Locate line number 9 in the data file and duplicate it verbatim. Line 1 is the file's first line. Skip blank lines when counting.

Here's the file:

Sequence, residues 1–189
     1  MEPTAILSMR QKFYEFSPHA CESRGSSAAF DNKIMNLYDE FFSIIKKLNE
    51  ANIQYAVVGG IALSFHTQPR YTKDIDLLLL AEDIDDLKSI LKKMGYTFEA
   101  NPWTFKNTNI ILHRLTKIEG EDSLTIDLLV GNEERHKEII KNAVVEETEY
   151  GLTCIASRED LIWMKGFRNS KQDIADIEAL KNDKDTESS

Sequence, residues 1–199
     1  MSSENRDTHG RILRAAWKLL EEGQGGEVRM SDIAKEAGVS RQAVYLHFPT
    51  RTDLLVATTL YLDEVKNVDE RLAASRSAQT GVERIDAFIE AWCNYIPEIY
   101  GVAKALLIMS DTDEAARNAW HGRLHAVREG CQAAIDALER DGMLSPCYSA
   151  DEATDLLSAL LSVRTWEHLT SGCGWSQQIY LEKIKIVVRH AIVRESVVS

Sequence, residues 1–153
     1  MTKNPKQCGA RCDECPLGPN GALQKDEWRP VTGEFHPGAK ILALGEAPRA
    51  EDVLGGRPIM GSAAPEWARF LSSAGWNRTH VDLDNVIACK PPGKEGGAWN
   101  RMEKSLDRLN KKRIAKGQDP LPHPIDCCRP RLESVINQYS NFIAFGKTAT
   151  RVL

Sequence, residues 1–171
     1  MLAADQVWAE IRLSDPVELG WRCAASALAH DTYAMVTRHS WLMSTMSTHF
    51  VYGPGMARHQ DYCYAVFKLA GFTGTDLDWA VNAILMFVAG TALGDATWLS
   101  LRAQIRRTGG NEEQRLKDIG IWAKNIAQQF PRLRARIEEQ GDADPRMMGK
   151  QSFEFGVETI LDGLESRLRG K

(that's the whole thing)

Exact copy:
   101  GVAKALLIMS DTDEAARNAW HGRLHAVREG CQAAIDALER DGMLSPCYSA